California’s Fourth District Court of Appeals has upheld a lower court’s dismissal of a legal malpractice action on the basis that it was barred by the applicable statute of limitations. In Torres v. Blankenship, a client hired an attorney to represent her in various legal proceedings over a two year period. Unbeknownst to the client, the attorney had been under investigation by the State Bar of California, and was suspended from practicing law for the final two months of his representation. The attorney subsequently informed the client of his suspension and she terminated his services.
Two and one half years later, the client filed a lawsuit against the attorney, alleging that his failure to disclose his suspension constituted negligence and fraud. At trial, the lower court granted the attorney’s motion for judgment on the pleadings, finding that the one-year statute of limitations for a negligence action against an attorney had expired and that the attorney’s conduct did not constitute fraud. The client appealed the decision.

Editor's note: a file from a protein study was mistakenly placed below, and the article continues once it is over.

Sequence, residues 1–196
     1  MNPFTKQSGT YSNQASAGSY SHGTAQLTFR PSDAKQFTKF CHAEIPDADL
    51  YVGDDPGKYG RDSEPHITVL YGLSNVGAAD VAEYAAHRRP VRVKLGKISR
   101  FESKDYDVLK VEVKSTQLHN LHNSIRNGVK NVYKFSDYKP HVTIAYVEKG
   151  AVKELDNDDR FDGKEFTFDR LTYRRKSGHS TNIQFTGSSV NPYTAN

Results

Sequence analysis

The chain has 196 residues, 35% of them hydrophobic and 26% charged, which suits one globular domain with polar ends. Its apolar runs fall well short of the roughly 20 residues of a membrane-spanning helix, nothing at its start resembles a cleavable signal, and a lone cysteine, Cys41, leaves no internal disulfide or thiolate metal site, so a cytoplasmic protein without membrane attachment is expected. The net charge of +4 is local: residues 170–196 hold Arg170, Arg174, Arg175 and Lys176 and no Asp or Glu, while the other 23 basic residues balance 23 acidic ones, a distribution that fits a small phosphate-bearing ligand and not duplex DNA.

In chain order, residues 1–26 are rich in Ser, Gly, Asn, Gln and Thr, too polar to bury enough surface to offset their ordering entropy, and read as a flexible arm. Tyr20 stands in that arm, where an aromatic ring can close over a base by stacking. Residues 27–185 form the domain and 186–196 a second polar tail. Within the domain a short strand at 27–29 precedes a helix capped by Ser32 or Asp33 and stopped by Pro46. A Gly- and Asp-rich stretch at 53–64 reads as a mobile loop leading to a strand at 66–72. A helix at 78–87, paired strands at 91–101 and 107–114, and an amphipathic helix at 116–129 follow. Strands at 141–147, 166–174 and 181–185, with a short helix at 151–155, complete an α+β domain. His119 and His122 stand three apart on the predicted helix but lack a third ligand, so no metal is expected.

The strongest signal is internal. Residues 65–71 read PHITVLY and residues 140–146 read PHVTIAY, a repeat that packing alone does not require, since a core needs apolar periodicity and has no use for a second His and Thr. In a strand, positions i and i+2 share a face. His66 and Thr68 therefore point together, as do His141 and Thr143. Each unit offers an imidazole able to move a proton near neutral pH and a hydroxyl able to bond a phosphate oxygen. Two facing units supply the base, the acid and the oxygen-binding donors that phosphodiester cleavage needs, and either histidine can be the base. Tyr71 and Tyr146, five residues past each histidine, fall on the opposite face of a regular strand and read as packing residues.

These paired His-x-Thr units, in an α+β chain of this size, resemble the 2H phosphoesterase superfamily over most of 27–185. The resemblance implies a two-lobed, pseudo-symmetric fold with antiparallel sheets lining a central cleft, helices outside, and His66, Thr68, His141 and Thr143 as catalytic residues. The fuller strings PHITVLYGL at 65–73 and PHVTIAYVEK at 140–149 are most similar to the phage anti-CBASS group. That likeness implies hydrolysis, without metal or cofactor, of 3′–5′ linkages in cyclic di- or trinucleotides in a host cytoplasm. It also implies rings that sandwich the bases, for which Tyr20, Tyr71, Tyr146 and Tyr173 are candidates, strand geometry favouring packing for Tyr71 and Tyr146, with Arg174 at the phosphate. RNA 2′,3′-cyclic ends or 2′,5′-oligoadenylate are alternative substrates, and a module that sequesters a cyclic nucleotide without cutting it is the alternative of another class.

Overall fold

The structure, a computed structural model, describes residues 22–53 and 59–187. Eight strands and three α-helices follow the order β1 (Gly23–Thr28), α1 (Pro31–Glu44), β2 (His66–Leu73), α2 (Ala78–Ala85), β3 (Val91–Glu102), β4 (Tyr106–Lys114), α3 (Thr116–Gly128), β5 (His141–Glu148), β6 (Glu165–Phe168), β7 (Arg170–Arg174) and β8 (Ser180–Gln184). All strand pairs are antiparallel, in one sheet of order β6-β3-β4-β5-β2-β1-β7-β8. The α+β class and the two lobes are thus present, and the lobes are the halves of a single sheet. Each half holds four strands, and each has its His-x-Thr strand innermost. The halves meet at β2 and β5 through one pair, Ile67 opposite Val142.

The Appellate Court upheld the judgment in favor of the attorney, reasoning that because the substance of the client’s claim was legal malpractice, she could not avoid the limitations period by pleading alternative theories, such as fraud. Ultimately, the Court found that her attorney’s unlicensed representation was fundamentally negligent legal service, not fraudulent conduct.
Decision: Torres v. Blankenship